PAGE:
Thursday, January 4, 2024

UTSA professor discusses the magic of solar eclipses

UTSA professor discusses the magic of solar eclipses

SEPTEMBER 18, 2023 — The chances of experiencing an eclipse are low, but it’s a spectacle that Angela Speck says everyone must witness at least once in their lifetime. The phenomenon takes place about every 375 years on average in any given location.

The Alamo City is at the intersection of two solar eclipses passing over Texas in the coming months. The first, an annular solar eclipse that mostly obscures the sun, will take place on October 14. On April 8, 2024, those in San Antonio and Boerne along the path of totality—the narrow strip of land where the eclipse can be seen in its entirety—will witness a total solar eclipse.

The last total solar eclipse to grace the United States was on August 21, 2017. Next year’s eclipse is the last chance to catch a total solar eclipse stateside until 2044.

UTSA Today sat down with Speck, professor and chair in the UTSA College of Sciences’ physics and astronomy department, to learn more about the astronomical event. She is the co-chair of the American Astronomical Society Solar Eclipse Task Force.

You know eclipses. What is your most favorite thing about them?

AS: It's hard to convey just how amazing it is to experience an eclipse. One thing is that it’s not just visual. Obviously, it’s gorgeous to look at but you also feel it on your skin because it cools down and you get a breeze. There’s also sounds depending on where you are. Right before a total eclipse, the birds get loud and then when it goes dark, they are quiet. For me, it’s not just one thing. You have all this stuff going on all at once and you have a very limited time to take everything in. It’s kind of very intense.

Angela Speck

What happens during an annular eclipse versus a total eclipse?

AS: With any type of solar eclipse, you get a partial eclipse. By that I mean part of the sun is visible and part of the sun is hidden. Depending on where you are, you may get the moon directly between us and the sun. That’s what we’re going to see here.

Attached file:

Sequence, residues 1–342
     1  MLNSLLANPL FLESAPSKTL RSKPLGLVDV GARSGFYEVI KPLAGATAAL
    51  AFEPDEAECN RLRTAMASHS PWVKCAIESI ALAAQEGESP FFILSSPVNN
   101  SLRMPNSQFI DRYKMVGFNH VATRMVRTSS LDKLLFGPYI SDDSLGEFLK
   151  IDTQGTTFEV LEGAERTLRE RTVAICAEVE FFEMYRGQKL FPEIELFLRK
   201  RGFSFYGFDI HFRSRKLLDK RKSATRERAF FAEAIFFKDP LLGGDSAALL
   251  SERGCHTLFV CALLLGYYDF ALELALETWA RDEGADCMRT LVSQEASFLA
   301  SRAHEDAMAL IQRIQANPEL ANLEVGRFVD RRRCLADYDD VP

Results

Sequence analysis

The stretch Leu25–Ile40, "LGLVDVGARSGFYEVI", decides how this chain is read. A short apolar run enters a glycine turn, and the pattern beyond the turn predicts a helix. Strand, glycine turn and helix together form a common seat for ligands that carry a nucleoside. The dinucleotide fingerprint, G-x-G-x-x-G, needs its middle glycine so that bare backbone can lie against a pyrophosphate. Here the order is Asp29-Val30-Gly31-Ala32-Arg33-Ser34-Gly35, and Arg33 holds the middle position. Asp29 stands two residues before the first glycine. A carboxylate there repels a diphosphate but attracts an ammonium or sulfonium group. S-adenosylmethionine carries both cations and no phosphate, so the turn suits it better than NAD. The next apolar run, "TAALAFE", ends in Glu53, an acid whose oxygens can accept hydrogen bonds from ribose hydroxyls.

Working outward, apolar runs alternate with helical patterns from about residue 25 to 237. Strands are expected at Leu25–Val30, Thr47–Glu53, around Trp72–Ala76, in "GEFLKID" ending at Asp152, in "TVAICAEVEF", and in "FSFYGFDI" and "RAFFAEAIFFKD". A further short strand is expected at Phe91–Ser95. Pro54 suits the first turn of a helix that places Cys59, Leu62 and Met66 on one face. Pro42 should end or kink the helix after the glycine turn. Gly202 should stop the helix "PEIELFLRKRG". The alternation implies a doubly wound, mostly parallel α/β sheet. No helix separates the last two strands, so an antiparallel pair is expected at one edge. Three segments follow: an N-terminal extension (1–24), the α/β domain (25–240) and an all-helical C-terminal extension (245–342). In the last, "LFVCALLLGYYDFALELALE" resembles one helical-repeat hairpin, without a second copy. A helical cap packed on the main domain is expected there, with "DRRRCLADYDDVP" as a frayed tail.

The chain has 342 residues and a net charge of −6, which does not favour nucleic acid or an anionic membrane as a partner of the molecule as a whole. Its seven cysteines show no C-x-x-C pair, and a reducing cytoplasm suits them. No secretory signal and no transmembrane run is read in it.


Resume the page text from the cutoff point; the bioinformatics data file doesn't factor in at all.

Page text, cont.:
In the case of an annular eclipse, you’re going to see a partial eclipse until the moon is directly in the way. It’s still technically a partial eclipse because we can see part of the sun. We see the edge of the sun all the way around the moon. That’s the annular eclipse because annulus is a fancy word for donut. It takes about an hour and a half for the partial phase and then, for maybe four minutes or so, it’s in annularity, where we see a ring of fire. Then you have another hour and a half of partial. For the total eclipse, we still see the partial but once the moon is completely in the way, it blocks out the whole sun.

At this point, it’s hugely different from an annular eclipse. As the moon is blocking out the sun, you won’t notice it’s getting darker until the sun is about 75-85% eclipsed because your eyes dilate, your pupils get bigger and let in more light. You won’t notice, but it’ll feel like something is not quite right because it’s getting darker. As you get toward the end, it goes from what is like an overcast day to full-moon dark in the space of a minute. When it’s full-moon dark, you can see the corona, which is the atmosphere of the sun. You can also see stars and planets and all the way around the horizon, you can see sunset colors.